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As a parent or as an educator, what do you think of No child Left Behind...

& standardized testing for the following school age bracket, as it applies to you:
FIRST GRADE -state standardized testing- do you find it to be effective or having negative results.
SPECIAL NEEDS STUDENTS- effective or not effective, and why?

Answer Question

Asked by letsgetreal at 11:07 AM on Feb. 1, 2009 in Politics & Current Events

Level 3 (25 Credits)
Answers (21)
  • I work for University Instructors as a part time tutor for the NCLB. I think its a good start to what we need but also obviously has some flaws since nothing is perfect. I think that teachers get too worked up on the end of grade tests and they fail to teach our kids the way we were taught. Too much emphasis is placed on the tests imo. However as for the tutoring etc I think its a great idea and not just because I am one. Many parents are not aware not only do their kids generally have access to after school tutoring but by calling the school district and pushing the issue they can have a tutor come to their homes. I dont know WHY schools fail to inform parents of this but its a big pet peeve. So many go without a tutor simply because they think its only an after school program and it isnt.

    Answer by gemgem at 11:10 AM on Feb. 1, 2009

  • I think the no child left behind thing is stupid, If the child doesnt understand, they dont need to go to the next grade, they need to learn what they are supposed to before moving on fer the next grade, and SOL's for 1st grade is just ridiculous

    Answer by Anonymous at 11:10 AM on Feb. 1, 2009

  • The tests are made so a child who doesnt understand ISNT passed onto the next grade. I think you dont know or havent read what NCLB is. Thats the WHOLE point. For years many many students were being passed who couldnt read or write because teachers werent held accountable. With gateways they are. Schools who continually fail to have students pass gateways are held accountable.

    Answer by Anonymous at 11:21 AM on Feb. 1, 2009

  • It should be about the teachers, not the students. If, after 3 consecutive years, the teacher's class has consistently bad scores, fire the teacher, don't penalize the school. If, after 3 consecutive years, the teacher's class has consistently excellent scores, reward the teacher. That means changing how class loads are assigned - the same teacher doesn't get the easy honors students while another teacher is always stuck with the ritalin kids. Also, when a child fails, hold them back, don't pass them on just because mommy doesn't believe it's her precious little snowflake's fault.

    Answer by NotPanicking at 11:22 AM on Feb. 1, 2009

  • There are flaws and that is to be expected. Unfortunately, the education system isn't into self monitoring so the processes and outcomes can be reviewed routinely and improved upon. When an institution doesn't regulate itself, outsider eventually will if the results are poor. If the education system figured out how to do this, it would not have been put upon them. I have this opinion as a parent and as a school employee. Instead of griping about it, I wish educators would focus on how to do it better. The poor quality of the system must be addressed.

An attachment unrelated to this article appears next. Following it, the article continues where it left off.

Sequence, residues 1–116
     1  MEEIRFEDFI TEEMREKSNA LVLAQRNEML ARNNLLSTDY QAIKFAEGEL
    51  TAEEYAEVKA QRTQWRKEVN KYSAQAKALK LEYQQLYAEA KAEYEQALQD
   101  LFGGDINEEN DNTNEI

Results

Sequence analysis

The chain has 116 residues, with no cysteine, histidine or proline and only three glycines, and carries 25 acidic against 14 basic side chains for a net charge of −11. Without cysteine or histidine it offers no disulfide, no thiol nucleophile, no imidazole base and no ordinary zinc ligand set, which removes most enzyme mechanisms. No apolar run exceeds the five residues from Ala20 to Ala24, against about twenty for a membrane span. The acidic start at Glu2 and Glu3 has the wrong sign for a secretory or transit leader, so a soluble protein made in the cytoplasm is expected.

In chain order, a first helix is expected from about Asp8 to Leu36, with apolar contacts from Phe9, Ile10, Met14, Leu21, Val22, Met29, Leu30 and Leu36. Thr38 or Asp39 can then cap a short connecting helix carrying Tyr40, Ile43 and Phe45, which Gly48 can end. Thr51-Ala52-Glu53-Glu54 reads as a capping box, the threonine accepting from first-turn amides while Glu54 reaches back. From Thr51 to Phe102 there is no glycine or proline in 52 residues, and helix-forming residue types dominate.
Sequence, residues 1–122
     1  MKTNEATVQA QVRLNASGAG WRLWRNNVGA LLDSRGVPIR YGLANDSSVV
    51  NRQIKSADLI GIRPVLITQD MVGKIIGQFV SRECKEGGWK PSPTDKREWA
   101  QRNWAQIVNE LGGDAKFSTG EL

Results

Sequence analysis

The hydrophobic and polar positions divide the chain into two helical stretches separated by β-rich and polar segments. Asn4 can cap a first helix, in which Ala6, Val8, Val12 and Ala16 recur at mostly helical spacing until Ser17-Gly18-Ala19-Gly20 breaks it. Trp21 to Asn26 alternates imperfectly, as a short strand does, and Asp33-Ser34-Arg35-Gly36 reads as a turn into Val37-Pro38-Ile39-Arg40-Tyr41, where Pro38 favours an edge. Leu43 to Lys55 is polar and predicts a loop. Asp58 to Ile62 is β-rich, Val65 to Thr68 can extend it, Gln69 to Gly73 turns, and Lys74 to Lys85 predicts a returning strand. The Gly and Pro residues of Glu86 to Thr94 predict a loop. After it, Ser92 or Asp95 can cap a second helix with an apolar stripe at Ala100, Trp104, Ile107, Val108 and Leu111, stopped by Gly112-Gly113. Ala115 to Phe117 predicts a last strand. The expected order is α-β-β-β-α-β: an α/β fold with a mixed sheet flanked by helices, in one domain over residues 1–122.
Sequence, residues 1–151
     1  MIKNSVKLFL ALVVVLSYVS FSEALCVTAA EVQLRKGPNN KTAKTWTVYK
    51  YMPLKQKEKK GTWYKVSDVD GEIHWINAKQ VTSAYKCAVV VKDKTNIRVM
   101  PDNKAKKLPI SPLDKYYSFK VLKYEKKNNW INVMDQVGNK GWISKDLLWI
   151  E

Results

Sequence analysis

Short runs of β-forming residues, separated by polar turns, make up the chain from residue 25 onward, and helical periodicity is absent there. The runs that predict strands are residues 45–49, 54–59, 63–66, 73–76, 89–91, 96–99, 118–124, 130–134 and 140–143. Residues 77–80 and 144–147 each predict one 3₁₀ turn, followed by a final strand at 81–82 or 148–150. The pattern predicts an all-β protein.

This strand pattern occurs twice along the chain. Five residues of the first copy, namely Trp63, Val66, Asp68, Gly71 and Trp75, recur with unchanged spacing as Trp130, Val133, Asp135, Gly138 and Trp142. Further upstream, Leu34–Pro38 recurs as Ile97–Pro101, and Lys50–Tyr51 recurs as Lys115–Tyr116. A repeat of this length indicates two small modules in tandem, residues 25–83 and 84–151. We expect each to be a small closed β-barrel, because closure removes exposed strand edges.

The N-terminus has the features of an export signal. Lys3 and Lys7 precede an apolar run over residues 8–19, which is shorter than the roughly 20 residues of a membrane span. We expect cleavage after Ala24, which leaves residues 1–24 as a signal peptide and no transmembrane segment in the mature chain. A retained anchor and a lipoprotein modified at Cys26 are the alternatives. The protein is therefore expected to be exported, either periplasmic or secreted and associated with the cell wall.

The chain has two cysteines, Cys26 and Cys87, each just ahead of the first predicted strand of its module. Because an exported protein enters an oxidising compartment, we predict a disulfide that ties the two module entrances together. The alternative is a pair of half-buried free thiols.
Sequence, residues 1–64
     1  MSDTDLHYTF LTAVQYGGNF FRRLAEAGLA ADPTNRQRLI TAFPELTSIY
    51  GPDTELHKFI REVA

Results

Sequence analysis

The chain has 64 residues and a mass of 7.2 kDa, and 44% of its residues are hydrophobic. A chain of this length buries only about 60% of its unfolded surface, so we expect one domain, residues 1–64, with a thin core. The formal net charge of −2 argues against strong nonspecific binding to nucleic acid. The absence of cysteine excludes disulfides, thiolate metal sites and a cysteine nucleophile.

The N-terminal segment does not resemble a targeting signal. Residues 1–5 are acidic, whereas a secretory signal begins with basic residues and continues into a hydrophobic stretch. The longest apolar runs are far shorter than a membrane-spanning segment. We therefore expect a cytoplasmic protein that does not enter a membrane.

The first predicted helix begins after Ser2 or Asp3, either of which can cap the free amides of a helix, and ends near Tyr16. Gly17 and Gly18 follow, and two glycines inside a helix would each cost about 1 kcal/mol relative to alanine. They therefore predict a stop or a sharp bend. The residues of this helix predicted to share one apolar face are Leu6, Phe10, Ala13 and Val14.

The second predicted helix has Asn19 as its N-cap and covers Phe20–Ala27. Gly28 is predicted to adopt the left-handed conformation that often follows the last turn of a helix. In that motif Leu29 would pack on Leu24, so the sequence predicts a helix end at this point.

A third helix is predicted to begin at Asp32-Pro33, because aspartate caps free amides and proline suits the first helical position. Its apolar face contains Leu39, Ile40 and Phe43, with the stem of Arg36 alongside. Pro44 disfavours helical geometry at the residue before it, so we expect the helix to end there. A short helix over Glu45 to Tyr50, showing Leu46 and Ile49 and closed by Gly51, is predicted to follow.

Answer by Anonymous at 11:23 AM on Feb. 1, 2009

  • "a child who doesnt understand ISNT passed onto the next grade"

    I don't know about where you live, but here they make exceptions all the time. The louder the parent complains, the better chance an exception will be granted, usually by manipulating a few records to make the child exempt.

    Answer by NotPanicking at 11:23 AM on Feb. 1, 2009

  • i think that it is a joke.

    Answer by mrssundin at 11:27 AM on Feb. 1, 2009

  • notpanicking, you have a point. there are many factors that contribute to the student learning however and they all need to be evaluated and improved. I think a continuous improvement processes needs to be developed and implemented starting with a standardized approach. Each state, district and school - even classroom - could customize some of the elements. The classroom outcomes and processes would apply to the specific teacher, the rest would lie with those responsible (principals, superintendants, school boards, depts of ed and so on).

    Answer by happi-ladi at 11:27 AM on Feb. 1, 2009

  • Like everything the NCLBA has some ups and downs and needs to be modified so that the good points of it stays and the bad points go. Here they start testing in the third grade which is really where they should. I also agree with notpanicking about the teachers being held accountable when their whole class does crappy compared to other classes of the same level. Responsibility should be on both the part of the student and the teacher. I however think the special ed students should be held to the level they can achieve and should be handled on an individual case by case determination on how they are improving. There are some kids in special ed who are totally retarted and can't really learn much beyond holding a pencil, they should be expected to read on target? Not realistic. And that is not the parents or the schools fault. It's just the child's ability.


    Answer by babyfat5 at 11:56 AM on Feb. 1, 2009

  • Whether people believe this or not, 99.9% of parents with children that SHOULD be held back will get their way and their child goes on.Its not fair to the child, and IMO the parents aren't good parents for doing this to them.

    Answer by Anonymous at 12:00 PM on Feb. 1, 2009

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